posted by sebastienbailard at 5:06 PM on December 27, 2008


...if I did have a spare $1000 next year, I may get one. I need to explore my creative side more...

Lego is pretty cheap compared to this thing. Origami paper is even cheaper. Crayons, the cheapest.

That said, the pantograph laser is pretty brill if it works as well as advertised. With some more expensive friction fittings to eliminate jitter, you could have something pretty sweet.
posted by DU at 6:37 PM on December 27, 2008


I found your post while I was looking though my logs and just wanted to check in, I'm Jeremy from 4volt.com. I was going to reply to the thread, but I'm not a metafilter member.

You can't buy anything from my site currently, and I don't have “products”, I do try to make everything available to the public to make their own, burn or print anything on my site.

About IDM, I agree it's kind of a snarky term that implies that other dance is not “intelligent”, but I thought my music would fit in that category best, a close second would be just the general “electronica” genre. And I agree it's not for everyone.

Anyway, thanks for the links, my site is still pretty small.

Jeremy
And:
Thanks for the good words, any attention is welcome. I've had the site since 2001, but just started the blog in the last few weeks, There's some older stuff around, but I've been trying to update everything. With this last set of updates I've been trying to promote 4volt as a brand over my name.

I've been having fun with the laser, I've had it for a couple months and I got it for $1000 on ebay lightly used. It's not exactly an inexpensive hobby, but most American lasers run in the $5-30K range. This specific laser is the most inexpensive one I've found so far. Also, i'll be writing an indepth review in the next week of it.

Feel free to post these messages if you want, you can post jeremy@4volt.com as my reply address if you like.

Jeremy
He also sent me to a link with a fact I'd wanted to mention in the original post and couldn't find. He's shot 20k photos on his camera. Now maybe it's a matter of me living in a different world, but that seems like a hell of a lot. I probably shoot 500 or less in a year. He did that in 2.5.
posted by cjorgensen at 6:55 PM on December 27, 2008


DU, the $60 pantograph laser isn't going to work as advertised.

Reading the first comment, Timextoxlive says:
This wouldn't work. I've made class 3b lasers (a little stronger output than the DVD burner diode). It will SLOWLY cut electrical tape, or light black matches. but as far a burning anything that isn't thin and black, no chance in hell. Sorry man, good idea, but the diode just isn't powerful enough.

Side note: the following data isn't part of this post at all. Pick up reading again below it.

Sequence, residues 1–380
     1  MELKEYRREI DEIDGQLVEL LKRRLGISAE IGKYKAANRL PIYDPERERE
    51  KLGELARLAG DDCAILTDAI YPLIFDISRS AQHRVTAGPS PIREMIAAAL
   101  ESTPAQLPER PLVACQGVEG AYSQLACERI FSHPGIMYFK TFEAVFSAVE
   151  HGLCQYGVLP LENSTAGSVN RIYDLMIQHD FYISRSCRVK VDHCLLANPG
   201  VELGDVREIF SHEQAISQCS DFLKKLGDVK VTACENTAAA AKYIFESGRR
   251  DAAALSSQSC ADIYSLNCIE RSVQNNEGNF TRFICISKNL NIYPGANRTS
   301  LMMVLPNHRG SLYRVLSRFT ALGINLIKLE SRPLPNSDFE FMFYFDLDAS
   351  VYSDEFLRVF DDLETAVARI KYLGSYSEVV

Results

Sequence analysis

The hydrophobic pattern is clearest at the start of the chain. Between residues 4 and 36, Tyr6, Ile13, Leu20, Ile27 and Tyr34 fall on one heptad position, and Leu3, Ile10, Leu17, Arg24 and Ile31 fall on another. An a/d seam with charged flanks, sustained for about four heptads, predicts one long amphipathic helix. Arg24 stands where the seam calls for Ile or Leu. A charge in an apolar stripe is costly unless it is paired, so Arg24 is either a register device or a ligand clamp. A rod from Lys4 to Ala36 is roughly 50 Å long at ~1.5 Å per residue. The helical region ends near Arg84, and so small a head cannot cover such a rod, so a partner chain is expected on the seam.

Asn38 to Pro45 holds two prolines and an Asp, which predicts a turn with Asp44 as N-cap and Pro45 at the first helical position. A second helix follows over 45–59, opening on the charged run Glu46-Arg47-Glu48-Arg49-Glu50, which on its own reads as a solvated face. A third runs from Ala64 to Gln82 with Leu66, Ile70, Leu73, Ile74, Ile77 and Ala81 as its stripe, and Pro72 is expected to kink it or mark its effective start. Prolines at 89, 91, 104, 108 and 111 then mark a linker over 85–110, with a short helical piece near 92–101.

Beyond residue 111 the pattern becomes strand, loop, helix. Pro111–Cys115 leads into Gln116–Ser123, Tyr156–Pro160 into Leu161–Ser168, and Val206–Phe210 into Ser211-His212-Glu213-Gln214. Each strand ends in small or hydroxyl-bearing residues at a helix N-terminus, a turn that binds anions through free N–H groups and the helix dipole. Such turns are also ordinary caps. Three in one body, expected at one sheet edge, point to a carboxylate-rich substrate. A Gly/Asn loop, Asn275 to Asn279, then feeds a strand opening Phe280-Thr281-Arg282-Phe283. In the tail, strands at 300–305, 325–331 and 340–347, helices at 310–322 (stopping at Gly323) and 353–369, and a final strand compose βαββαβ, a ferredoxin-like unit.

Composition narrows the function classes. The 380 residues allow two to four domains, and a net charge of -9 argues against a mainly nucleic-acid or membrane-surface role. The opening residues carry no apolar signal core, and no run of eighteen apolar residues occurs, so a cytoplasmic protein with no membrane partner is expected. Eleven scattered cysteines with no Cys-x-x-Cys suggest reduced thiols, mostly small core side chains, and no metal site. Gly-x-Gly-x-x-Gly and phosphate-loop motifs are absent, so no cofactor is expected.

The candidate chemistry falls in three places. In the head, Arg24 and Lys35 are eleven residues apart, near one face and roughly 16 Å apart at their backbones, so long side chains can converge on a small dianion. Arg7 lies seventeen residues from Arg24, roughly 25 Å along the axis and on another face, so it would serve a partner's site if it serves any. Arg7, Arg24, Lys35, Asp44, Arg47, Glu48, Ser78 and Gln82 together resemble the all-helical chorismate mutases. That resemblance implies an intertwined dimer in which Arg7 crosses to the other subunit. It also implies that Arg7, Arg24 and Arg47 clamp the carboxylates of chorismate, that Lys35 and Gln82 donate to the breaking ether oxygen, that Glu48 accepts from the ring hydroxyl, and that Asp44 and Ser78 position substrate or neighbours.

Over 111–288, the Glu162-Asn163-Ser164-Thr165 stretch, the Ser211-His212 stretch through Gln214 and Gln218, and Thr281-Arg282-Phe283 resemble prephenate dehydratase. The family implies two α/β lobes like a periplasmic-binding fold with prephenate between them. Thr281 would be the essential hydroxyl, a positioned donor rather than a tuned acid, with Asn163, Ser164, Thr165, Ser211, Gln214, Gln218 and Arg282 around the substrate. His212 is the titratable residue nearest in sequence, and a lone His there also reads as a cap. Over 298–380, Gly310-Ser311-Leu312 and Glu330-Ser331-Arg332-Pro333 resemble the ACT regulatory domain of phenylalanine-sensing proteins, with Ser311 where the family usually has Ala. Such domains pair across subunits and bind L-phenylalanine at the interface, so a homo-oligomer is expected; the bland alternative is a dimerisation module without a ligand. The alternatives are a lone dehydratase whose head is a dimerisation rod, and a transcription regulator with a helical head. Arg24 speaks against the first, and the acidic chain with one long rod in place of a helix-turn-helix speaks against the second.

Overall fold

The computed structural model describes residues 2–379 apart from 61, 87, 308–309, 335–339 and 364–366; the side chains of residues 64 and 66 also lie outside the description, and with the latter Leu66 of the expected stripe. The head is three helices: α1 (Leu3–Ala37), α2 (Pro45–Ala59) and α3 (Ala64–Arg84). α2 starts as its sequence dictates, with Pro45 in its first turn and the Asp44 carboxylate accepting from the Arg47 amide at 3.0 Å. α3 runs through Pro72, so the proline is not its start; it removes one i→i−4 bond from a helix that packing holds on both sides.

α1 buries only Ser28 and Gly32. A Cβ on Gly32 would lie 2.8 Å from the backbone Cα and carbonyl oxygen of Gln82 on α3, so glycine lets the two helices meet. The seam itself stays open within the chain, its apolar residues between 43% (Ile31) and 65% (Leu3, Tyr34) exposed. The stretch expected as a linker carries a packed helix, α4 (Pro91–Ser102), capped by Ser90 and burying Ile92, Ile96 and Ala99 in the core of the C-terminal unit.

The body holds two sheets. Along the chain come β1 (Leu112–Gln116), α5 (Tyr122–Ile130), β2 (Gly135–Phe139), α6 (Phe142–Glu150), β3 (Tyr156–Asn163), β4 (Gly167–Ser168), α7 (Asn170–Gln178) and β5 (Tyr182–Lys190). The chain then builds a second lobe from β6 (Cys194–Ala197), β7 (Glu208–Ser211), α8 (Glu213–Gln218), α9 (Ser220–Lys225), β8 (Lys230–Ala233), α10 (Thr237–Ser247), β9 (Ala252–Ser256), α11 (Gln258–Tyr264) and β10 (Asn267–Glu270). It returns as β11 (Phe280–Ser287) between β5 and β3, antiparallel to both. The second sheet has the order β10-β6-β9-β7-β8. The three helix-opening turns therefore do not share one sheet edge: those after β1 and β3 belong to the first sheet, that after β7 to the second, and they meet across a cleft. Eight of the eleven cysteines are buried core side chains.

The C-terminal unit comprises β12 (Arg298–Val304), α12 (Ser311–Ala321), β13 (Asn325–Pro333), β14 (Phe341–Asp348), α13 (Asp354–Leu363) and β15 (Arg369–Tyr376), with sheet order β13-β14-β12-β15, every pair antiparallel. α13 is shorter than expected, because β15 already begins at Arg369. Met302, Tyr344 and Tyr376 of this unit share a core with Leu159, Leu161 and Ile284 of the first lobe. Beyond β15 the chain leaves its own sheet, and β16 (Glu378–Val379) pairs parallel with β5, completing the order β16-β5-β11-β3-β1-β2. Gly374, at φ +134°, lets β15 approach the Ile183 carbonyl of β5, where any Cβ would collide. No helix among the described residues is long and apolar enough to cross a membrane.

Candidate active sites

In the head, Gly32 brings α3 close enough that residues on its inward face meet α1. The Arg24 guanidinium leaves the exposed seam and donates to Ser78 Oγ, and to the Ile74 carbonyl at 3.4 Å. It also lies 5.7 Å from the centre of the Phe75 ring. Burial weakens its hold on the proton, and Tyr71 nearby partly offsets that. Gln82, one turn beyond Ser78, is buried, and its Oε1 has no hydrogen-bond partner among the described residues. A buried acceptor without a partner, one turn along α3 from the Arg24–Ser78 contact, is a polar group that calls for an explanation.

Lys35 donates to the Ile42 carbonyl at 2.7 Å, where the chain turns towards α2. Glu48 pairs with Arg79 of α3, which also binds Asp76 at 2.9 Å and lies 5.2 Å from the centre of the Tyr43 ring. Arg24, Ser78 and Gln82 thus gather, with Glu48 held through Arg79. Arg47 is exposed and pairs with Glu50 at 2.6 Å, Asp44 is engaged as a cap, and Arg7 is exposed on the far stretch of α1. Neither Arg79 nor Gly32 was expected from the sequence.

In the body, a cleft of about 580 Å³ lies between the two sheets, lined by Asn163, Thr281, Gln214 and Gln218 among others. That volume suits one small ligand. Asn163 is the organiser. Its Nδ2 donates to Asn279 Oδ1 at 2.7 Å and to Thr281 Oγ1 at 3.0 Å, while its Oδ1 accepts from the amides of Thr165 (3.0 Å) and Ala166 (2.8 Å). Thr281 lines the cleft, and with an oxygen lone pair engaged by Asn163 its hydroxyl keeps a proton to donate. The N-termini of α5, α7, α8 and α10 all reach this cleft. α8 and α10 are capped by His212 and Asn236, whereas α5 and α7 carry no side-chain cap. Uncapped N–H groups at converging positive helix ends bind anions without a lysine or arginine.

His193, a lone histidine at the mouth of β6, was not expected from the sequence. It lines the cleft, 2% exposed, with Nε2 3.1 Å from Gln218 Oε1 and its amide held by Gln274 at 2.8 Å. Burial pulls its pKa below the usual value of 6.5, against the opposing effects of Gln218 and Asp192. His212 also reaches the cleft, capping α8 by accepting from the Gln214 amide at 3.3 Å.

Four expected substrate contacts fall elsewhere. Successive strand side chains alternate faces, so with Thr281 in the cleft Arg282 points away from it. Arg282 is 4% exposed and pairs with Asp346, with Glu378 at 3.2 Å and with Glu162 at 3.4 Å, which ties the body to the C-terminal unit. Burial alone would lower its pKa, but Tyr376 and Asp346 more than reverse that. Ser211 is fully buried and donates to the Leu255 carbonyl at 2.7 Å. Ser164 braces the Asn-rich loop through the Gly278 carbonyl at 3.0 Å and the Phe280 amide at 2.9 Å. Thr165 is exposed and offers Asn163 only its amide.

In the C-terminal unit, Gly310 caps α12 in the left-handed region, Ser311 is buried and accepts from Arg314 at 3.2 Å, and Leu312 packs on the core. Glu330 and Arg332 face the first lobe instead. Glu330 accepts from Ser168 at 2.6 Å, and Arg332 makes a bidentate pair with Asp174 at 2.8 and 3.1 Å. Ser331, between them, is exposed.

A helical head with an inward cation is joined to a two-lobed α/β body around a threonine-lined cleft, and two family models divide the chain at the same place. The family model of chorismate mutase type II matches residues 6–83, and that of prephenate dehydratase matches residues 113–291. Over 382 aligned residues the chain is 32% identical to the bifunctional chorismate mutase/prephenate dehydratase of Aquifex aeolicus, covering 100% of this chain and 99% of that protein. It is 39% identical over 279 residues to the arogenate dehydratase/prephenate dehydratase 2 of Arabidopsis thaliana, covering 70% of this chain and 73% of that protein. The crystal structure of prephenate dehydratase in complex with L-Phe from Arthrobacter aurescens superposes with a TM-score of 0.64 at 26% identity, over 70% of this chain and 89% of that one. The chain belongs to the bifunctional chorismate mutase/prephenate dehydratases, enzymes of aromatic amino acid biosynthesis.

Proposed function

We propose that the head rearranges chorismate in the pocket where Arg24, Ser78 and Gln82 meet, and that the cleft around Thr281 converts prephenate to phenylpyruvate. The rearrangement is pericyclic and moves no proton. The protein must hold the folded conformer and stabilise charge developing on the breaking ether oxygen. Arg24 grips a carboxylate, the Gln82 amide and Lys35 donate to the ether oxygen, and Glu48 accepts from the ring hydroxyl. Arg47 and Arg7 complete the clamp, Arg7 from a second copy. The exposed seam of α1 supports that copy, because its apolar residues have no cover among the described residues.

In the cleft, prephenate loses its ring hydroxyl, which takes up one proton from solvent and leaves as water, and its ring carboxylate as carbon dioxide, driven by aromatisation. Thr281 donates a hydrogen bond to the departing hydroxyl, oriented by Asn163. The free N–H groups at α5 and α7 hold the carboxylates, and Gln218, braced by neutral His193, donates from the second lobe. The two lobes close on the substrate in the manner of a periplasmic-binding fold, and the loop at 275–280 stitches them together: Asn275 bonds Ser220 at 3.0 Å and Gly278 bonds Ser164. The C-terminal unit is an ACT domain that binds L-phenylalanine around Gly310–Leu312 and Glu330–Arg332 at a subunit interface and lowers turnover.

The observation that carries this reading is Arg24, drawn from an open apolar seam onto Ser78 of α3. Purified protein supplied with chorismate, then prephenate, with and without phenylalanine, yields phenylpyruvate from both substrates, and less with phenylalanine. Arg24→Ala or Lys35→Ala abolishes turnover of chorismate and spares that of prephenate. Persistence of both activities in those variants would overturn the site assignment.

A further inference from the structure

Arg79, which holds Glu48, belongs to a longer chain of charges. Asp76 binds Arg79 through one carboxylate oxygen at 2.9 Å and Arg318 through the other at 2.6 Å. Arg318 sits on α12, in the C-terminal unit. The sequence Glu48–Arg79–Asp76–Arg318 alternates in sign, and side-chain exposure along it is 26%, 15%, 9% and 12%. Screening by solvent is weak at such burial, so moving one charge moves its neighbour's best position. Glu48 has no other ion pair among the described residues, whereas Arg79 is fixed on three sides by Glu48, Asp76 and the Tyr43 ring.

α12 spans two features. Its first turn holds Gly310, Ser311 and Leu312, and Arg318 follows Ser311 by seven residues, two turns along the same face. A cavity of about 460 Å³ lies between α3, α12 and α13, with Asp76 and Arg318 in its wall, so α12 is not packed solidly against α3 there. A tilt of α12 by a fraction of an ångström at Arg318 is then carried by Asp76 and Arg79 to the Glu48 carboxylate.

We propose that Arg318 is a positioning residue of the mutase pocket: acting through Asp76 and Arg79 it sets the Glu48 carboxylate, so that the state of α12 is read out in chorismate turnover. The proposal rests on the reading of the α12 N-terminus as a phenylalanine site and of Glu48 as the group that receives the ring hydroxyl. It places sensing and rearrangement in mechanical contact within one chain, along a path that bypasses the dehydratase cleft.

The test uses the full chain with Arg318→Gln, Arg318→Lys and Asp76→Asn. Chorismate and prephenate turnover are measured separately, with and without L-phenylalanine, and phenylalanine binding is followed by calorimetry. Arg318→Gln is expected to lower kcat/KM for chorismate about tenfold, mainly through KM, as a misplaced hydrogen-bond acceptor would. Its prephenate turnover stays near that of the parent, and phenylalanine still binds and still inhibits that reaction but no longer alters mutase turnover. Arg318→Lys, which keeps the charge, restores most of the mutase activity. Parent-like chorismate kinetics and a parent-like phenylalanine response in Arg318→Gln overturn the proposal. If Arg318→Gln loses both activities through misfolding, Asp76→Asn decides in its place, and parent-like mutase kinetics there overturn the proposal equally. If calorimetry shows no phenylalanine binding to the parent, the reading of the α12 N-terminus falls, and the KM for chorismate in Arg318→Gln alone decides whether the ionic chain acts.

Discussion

I think you need a 20-40W CO2 laser tube and laser power supply in order to cut acrylic sheet, perhaps 10-20W to cut cardstock and etch paper or wood. And if you want to do something useful besides burn things, you'll want some threaded rod (ball screws, probably), stepper motors (or servo motors), electronics, and computer control. To say nothing of the big acrylic and sheet metal to keep stray reflections from drawing pretty pictures on the backs of your eyeballs.

tanstaafl, but once you've spent a bit of money and done some hard work (or lots of money and a bit of work), then you can make cool stuff.
posted by sebastienbailard at 7:56 PM on December 27, 2008


So how do you build one?

A guy got a couple of junked flatbed scanners, and used the computer-controlled sliding mechanism out of those, hooked them together (one for x, one for y), stuck a laser at the intersection, and wrote software to make it trace CAD paths.

But with all that time and work and effort, $1k2 seems cheaper :-)

A quicker method might be to use one of those inkjet printers that can also print on CDs and non-flexible materials, and use that as your x-y table, replace the print head with a laser and then write drivers. But again, it's hard to beat $1k.
posted by -harlequin- at 6:00 AM on December 28, 2008


I've used an Epilog at TechShop. They're great fun but you don't want one in your home. There is a high risk of fire, they are prone to breakage, expensive, and require active ventilation systems to exhaust all the vaporized wood/plastic/metal/glass it generates. But yeah, you can do neat stuff.
posted by chairface at 1:14 PM on December 29, 2008